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Classy glass

Growth and hard work symbolized in beautiful school window

Cottonwood High School's already art-filled building just became a little artier.

Already known for displaying all original student artwork dating back to 1973 in its halls, the school received an 18-by-2-foot stained-glass window as a permanent fixture of its makeup, courtesy of art teachers John Fackrell and Bill Laursen.

The window was presented to Cottonwood by the graduating classes of 2000 and 2001. Made up of three panels, it depicts the leaves and branches of a Cottonwood tree during its seasons of growth — spring, summer and fall — as well as symbolizing the sophomore, junior and senior years of the high school experience.

Consisting of 450 pieces of colored glass, it took the teachers more than 1,000 hours to complete — most of their summer. It was finished the week before school started.

While both joke about the the long hours and having to do most of the work in a room with no air conditioning during 100-degree weather, each art teacher is a little more than pleased with the end result.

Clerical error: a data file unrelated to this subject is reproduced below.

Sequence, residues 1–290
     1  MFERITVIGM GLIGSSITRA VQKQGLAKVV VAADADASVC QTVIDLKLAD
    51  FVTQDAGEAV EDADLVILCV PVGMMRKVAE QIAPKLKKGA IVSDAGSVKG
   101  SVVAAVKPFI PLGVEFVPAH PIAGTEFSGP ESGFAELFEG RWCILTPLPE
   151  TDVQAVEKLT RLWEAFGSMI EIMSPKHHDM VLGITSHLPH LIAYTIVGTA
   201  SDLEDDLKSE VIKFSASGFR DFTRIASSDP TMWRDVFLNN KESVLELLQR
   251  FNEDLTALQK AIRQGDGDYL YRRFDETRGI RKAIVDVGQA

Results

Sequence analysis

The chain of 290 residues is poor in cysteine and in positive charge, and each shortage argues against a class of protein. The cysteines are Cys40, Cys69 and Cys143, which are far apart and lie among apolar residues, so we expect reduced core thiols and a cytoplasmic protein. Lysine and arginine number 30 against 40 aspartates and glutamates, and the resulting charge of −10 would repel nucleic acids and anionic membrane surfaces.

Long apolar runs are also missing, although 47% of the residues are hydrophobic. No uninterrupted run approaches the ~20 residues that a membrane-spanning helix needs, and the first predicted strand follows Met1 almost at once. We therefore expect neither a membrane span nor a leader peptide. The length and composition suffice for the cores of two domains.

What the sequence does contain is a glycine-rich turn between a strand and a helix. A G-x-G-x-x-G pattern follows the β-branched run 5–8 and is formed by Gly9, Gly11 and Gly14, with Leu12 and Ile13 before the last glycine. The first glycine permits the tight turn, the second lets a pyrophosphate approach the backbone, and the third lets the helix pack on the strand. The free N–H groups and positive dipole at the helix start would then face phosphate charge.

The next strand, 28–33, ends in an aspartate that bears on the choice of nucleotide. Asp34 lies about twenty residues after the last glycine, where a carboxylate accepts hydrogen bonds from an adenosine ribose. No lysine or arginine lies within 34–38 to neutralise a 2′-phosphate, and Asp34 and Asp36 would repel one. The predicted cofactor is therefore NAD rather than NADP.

"It adds a lot of class to our entryway, and I'm just darn glad it's done," Laursen said. "And while it was worthwhile and I'm glad we did it, I don't think we'll do another one."

Working with glass "is not enjoyable work, like watercolors or oil painting," Fackrell said. "It's labor-intensive. If there's any appreciation in it at all, it's when it's up and on display." Besides, it's simply time-consuming.

Though this wasn't the first time students had requested the teachers' window-constructing services, it was the first time they were able find an adequate spot to place it. As it is now, the windows face south, able to catch sunlight on a daily basis.

Though Fackrell believes the value of the window runs near the $8,000 mark, last year's senior class was able to do it for $4,000, raising most of the money by donating their $10 textbook deposits at the end of the year.

Cottonwood is one of the few high schools in the valley to teach stained-glass techniques. About 400 students now take the course each year, according to Fackrell.


E-MAIL: dmoody@desnews.com